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What does the formal Brexit withdrawal mean for travelers?

 After months of debate, delays and last-minute political wrangling the United Kingdom officially separated from the European Union last week. But what does that mean for travelers? In the short term, things will largely remain unchanged during the transition period which was set as part of the Brexit Withdrawal Agreement Bill (WAB). The following is an overview of what travelers might expect during the transition process and beyond.  


Transition period

On Feb. 1, 2020, an 11-month transition period got underway, during which time the U.K. and EU will negotiate their future relationship. While a free trade deal tops the list, negotiations will need to cover a wide range of issues, including some relating to travel, such as air services and security. The U.K. will also need to introduce systems to handle immigration once freedom of movement ends.

During the transition period, nothing should change: The trading relationship will remain the same and the U.K. will continue to follow the EU’s rules. Disruption should be minimal. But this could all change if deals are not agreed by the end of 2020, or if the right systems are not in place in time. The WAB rules out extending the transition period beyond the end of 2020, even if a free trade deal with the EU has not been agreed. Any part of the relationship without an agreement will proceed on no-deal terms from the beginning of 2021.


Travel risks remain largely unchanged in the short term

While travel risks remain largely unchanged in the short term, it is still possible for the U.K. to find itself in a “hard-Brexit” situation at the start of 2021. Some key points which travel managers and travelers should continue to be aware of incase transition negotiations hit a roadblock include:

  • Air services between the U.K. and EU will continue and be unaffected, at least until Oct. 24, 2020.
  • Travel to and from the U.K. would be subject to delays and disruption, particularly at the U.K./EU border. In the event agreements are not reached border control at airports and Eurostar stations is likely to be the area most immediately affected, with subsequent impacts for business travelers.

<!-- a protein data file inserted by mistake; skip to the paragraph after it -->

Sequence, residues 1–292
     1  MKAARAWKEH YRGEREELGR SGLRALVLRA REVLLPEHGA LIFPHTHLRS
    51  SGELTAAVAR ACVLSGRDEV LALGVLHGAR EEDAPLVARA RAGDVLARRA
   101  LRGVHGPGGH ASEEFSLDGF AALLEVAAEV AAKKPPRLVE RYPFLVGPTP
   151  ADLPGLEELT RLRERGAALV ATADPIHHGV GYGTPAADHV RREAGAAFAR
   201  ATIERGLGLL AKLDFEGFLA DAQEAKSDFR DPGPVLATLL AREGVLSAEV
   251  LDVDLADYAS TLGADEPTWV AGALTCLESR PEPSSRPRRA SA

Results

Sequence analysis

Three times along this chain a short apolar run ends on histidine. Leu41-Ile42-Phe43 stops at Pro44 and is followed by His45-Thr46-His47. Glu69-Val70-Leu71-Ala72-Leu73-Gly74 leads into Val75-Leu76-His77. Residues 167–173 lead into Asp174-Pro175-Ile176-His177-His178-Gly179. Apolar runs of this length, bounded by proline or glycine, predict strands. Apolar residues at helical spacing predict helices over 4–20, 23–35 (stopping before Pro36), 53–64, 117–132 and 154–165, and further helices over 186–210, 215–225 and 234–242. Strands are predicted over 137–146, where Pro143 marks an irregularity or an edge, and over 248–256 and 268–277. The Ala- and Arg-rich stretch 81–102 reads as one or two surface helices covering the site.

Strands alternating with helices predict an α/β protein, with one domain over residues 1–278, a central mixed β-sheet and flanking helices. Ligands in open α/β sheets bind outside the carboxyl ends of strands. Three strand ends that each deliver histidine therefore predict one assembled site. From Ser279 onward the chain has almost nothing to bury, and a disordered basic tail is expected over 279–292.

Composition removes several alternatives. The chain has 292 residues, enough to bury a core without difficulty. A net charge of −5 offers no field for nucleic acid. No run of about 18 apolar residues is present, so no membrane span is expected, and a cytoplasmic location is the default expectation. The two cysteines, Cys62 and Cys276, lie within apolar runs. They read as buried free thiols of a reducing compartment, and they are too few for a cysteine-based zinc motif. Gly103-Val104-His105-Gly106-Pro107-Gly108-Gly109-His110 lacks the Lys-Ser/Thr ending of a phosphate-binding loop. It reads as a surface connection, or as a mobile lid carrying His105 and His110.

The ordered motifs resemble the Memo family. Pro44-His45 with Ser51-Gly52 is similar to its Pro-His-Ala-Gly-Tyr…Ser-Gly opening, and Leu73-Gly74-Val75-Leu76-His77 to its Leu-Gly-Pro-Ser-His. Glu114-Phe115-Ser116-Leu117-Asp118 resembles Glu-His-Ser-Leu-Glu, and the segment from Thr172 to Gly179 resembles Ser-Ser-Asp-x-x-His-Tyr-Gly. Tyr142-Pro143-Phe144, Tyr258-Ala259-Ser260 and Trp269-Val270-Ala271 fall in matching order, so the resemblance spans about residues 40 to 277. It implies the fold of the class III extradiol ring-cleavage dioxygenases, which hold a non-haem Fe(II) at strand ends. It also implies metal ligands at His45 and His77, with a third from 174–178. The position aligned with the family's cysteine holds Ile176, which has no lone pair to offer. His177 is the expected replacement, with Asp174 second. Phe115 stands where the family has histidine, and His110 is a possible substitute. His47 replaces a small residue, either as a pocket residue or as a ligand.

Travel managers should advise all travelers to allow plenty of time to transit through all regulatory processes. This advice applies to travelers from all countries. (Adelman’s mobile app Ava gives travelers an easy way to stay informed about delays.  

  • U.K. citizens must renew their passport, if on the day of travel it has less than six months left or is more than nine years and six months old. Post-Brexit, passport processing times could be significantly longer than they currently are.
  • U.K. citizens may need an International Driving Permit (IDP) to drive within the EU. If a traveler intends to take their own company vehicle, a “green card” (from the insurers) and a GB sticker will be mandatory.
  • Mobile roaming data may end. The guarantee of free mobile phone roaming throughout the EU, Iceland, Liechtenstein and Norway will formally end; the decision on how to handle data charges post-Brexit will be at the discretion of individual operators. Travel managers should review the company telephone contractual usage policy and ask all travelers to check their own telephone contract policy to avoid financial surprises.
  • Travel insurance costs may increase if the European Health Insurance Card (EHIC) is discontinued or amended in some material way. Again, travel managers should review the company travel insurance policy and get all travelers to check their own insurance cover in relation to any withdrawal of the EHIC scheme.

We recommend monitoring the U.K. Government website for the latest details and advice.


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